One of the consequences of my five-year student life has been the creation of several different "versions" of Alison. There was the "DC Alison" who worked on the Hill, helped write speeches, and ran around feeling generally self-important. There was "Teacher Alison" who swung on the swing set and planned medieval fairs. They're both on hiatus, but there's still "FDW Alison" (who works as a mediocre, low-level office gopher for a high-class, high-pressure law firm) and "Graduate Student Alison" (who stares at centuries-old books and writes about them all day). Each existence has become almost discrete in my mind, like a being from another life--or another world.
In this context, being a bride-to-be has been especially bizarre. In Oxford, so far from the Adam and the family who will celebrate with me, it's hard to believe that "Bride Alison." "Oxford Alison" doesn't choose china patterns or shop for apartments--she spends five hours tracking the rhyme scheme of an obscure medieval saint's life. I love my life, but it feels like the life I love is so different than the one "Bride Alison" loves when she's talking to her mom or excitedly picking her flowers.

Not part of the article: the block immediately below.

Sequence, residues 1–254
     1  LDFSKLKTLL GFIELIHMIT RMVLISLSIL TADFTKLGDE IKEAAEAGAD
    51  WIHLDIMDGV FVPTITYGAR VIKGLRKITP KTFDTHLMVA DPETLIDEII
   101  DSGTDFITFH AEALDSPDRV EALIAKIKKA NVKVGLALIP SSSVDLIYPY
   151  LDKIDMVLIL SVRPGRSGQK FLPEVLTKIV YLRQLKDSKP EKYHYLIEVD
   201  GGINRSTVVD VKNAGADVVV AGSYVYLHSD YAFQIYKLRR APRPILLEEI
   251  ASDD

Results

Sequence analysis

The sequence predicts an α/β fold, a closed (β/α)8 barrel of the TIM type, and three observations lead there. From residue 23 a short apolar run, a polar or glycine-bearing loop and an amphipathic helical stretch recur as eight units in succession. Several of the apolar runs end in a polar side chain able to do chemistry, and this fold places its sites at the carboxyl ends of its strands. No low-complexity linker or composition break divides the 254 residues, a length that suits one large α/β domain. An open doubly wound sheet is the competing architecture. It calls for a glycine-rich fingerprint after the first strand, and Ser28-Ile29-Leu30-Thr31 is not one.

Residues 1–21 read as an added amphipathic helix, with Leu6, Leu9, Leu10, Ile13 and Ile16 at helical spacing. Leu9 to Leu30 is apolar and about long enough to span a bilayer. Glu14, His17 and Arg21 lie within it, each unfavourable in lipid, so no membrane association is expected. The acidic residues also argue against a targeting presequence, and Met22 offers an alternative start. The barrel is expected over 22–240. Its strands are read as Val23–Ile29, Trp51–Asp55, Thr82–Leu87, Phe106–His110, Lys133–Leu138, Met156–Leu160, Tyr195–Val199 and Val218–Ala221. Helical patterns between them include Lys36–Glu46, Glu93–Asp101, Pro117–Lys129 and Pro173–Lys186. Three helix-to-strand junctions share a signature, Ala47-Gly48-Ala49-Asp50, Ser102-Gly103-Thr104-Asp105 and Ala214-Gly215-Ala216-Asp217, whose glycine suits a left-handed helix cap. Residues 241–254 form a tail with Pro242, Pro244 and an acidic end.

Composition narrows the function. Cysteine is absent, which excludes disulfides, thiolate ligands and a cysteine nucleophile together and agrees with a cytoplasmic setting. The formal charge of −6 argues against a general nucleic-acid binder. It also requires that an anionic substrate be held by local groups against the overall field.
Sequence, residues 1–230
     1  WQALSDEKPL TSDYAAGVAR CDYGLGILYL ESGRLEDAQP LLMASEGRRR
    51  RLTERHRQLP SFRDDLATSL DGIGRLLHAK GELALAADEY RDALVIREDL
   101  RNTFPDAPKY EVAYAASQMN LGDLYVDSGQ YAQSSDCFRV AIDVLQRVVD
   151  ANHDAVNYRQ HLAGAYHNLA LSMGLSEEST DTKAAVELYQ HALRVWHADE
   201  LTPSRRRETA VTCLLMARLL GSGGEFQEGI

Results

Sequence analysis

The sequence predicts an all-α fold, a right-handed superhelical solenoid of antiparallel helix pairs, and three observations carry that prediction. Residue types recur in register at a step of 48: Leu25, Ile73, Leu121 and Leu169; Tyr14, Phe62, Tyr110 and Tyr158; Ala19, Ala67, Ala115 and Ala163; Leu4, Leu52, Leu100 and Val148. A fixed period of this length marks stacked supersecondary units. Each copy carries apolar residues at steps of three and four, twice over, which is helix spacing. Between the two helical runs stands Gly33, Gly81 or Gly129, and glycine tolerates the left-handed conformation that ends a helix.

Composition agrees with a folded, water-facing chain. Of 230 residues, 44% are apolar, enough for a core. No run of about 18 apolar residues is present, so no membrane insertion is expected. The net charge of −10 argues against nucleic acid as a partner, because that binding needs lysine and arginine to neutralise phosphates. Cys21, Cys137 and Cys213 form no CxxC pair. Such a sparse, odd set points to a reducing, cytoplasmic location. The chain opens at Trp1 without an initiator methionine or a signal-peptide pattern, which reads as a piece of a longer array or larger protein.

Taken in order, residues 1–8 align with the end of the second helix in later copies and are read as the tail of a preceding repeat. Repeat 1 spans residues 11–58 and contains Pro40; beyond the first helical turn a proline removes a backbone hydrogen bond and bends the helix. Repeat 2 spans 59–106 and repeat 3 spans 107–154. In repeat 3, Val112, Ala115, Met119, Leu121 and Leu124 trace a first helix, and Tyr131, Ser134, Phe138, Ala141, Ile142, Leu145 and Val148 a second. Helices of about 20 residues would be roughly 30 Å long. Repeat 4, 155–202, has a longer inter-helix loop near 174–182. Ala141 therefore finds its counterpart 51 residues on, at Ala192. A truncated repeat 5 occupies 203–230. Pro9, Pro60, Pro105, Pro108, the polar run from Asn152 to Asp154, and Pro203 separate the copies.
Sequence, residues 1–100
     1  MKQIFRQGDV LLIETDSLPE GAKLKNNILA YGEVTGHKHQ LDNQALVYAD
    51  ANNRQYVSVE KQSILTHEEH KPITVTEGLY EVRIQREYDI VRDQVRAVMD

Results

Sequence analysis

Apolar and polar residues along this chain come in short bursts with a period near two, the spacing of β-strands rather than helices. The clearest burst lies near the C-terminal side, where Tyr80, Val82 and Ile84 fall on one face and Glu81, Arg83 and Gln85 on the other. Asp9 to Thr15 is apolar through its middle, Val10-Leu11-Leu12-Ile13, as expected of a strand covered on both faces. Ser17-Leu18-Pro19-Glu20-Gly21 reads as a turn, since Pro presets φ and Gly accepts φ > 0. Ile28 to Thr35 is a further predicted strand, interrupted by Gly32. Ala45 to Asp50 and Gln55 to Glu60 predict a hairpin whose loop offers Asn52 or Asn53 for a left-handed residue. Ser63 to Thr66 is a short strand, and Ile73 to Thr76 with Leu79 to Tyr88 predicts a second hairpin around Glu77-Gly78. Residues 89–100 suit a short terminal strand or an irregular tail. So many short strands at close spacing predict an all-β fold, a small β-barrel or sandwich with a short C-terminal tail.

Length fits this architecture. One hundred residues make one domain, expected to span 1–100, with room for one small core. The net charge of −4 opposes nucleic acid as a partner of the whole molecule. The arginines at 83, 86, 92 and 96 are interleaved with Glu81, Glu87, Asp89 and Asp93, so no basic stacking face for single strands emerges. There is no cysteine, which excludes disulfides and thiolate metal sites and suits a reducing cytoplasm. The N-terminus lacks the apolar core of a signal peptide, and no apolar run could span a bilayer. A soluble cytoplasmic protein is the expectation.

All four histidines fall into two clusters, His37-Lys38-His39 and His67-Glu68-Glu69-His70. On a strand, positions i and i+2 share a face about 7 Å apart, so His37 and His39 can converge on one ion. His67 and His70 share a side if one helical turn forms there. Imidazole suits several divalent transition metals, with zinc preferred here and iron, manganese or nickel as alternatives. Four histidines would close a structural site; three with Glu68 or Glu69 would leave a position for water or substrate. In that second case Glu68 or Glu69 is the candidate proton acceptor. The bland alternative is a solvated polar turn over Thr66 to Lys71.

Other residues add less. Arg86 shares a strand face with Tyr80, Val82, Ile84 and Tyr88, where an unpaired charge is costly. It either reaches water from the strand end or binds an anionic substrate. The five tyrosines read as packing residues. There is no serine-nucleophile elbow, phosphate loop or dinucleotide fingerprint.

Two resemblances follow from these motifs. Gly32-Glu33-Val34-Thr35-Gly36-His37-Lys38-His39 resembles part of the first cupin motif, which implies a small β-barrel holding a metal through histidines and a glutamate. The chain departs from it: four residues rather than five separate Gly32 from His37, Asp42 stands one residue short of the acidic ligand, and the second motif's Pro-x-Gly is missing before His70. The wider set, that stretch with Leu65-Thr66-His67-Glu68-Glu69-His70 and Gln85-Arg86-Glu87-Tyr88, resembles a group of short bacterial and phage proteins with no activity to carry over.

I guess I expected my engagement to be life changing in a way, I now see, it can't possibly be. "Bride Alison" was supposed to be the Alison that united everything, the one that superceded all the others. My expectation may be just another sign that I've bought into "wedding culture" all my life--I'm not sure that, if I were home, it wouldn't lead me to shop endlessly for the perfect dress or build my registry to several hundred gifts just to feel more like a bride.
My life probably won't change as much as I expect, even after my wedding. But at least I'll be something, someone, metaphysically different. Adam and I will be a sacramentally-bound couple, of one flesh. "Married Alison" is the one Alison I'll be forever, until death do us part.